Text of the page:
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‘Punjabi cinema uninspiring, plays safe’

‘Punjabi cinema uninspiring, plays safe’

Gunjit Chopra

Nonika Singh

‘Kohraa’ has been described as a milestone for a multi-layered understanding of Punjab. Gunjit Chopra, its co-creator and co-writer, talks to Nonika Singh about his perceptions on what ails and distinguishes the state, especially its hinterland, which he has toured extensively. Excerpts:

Ever since ‘Kohraa’ was streamed, it’s being hailed as a ray of sunshine. How do you respond to such praise?

It’s overwhelming and also encouraging, especially when you are creating a different milieu, a different kind of Punjab and you are motivated to create more of such content.

Drugs, homosexuality, NRI angle, complexity of human relationships… did you at any point feel you were biting into more than one can chew?

We were not trying to be the flag-bearers of these issues. We ourselves were trying to look through the fog. We should be true to our stories, which should have the DNA of the state we are talking about. Issues should be hidden in the story. ‘Out there’ things don’t work in the world of entertainment.

What exactly was the trigger for ‘Kohraa’?

When I travelled, I realised how we are so different from the way we are being perceived. There is no dhol batashe, there is no giddha happening. Punjab has its own issues and its own beauty which lies beyond the mustard fields. We have not tapped into its history, culture and literature. Punjab is under and misrepresented. It is because people in Bollywood were not coming from Punjab. They were Punjabis alright, but came from west Punjab.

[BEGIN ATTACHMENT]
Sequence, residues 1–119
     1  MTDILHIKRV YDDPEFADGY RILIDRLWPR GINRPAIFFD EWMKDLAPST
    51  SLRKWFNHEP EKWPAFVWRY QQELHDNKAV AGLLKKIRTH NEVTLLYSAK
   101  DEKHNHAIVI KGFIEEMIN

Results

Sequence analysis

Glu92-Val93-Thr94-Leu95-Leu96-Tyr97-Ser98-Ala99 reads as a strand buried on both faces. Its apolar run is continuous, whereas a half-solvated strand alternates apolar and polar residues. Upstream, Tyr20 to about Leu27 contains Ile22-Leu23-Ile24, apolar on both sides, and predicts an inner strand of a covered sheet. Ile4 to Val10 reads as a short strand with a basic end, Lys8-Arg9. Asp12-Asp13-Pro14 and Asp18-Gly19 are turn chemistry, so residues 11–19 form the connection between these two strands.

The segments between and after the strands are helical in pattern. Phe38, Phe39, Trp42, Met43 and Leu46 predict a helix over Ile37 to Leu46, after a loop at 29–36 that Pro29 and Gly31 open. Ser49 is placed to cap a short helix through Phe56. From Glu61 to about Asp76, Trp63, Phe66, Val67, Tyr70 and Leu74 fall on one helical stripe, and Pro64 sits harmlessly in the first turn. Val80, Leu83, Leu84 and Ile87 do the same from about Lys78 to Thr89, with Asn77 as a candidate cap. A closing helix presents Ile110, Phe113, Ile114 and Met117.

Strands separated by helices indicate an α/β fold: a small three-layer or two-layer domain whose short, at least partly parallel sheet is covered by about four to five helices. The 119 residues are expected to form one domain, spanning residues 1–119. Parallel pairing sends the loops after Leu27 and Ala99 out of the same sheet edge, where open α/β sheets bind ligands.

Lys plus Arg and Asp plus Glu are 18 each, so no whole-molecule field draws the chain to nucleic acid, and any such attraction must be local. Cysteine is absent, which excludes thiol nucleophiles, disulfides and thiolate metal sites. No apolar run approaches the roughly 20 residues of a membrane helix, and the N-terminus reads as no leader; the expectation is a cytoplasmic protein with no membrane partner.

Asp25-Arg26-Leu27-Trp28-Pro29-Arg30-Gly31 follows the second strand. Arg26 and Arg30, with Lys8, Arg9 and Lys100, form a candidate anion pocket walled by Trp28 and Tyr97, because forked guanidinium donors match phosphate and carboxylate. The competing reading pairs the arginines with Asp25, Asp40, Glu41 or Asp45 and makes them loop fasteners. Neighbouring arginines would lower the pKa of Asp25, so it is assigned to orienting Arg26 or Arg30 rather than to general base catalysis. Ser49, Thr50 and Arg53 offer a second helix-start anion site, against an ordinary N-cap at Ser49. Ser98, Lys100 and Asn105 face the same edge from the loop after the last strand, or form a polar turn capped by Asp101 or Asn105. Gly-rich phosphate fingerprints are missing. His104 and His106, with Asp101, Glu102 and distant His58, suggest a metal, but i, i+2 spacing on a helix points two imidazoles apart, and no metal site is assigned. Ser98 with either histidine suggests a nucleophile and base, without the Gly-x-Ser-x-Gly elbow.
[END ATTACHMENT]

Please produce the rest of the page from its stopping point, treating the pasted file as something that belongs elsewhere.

What do you think ails Punjab today?

The problem goes back to Partition; everything is connected, it’s like an arithmetic progression. Right now, it’s becoming impossible to make people stay in Punjab. First we need to accept it as home.

How do you look at immigration, which is likely to be the subject of your future project?

Immigrants’ life is complex and often they get lost in the duality of where they belong. Why are Punjabis so fascinated by the idea of moving abroad when they know there are not enough opportunities? We have forgotten the prejudices we faced there. I hope immigration will phase out.

Now that Imtiaz Ali’s ‘Chamkila’ is out, will you still go ahead with your documentary on the singer?

Yes, that is my passion project. A documentary is a difficult thing, it calls for so much research.

Why are artists so fascinated by Chamkila?

One is the times of Chamkila. Whether you like his songs or not, he talked a lot about the times he lived in. Maybe artists see themselves in him. Be it helpless artists who are not allowed to say what they want, or artists who can tell the truth, or those bound by the politics of the country, all feel connected to him.

What is your take on Punjabi cinema?

It’s not inspiring, to say the least. We are playing too safe. Should this kind of cinema exist? Yes, but it should not be the only kind. Punjab must look beyond the obvious. There has to be a new branch of arts and aesthetics. Punjab is such a fascinating state. We are born entrepreneurs. Rural Punjab has seen the world. But if we are the first ones to fight on the border, we are also the first to try a new drug. It’s tragic that Punjab is on a drug route.

To be associated with two path-breaking shows, ‘Paatal Lok’ and ‘Kohraa’, does it put pressure?

The moment you start taking the burden, it plays on your mind. You do get influenced by all the attention. But the beauty lies in forgetting and getting back to the drawing board.

Your association with Sudip Sharma goes back to ‘Paatal Lok’. What are the lessons you learnt from the acclaimed maker?

You need ethical people you can follow beyond imbibing the art and craft. One should have good mentors. What I have learnt from him is how to be secure in your own thing.

What is your message to Punjabis?

Appreciate and support all kinds of arts. Punjab has so much undiscovered talent. We should not ape others, but make our own cinema about our own people.

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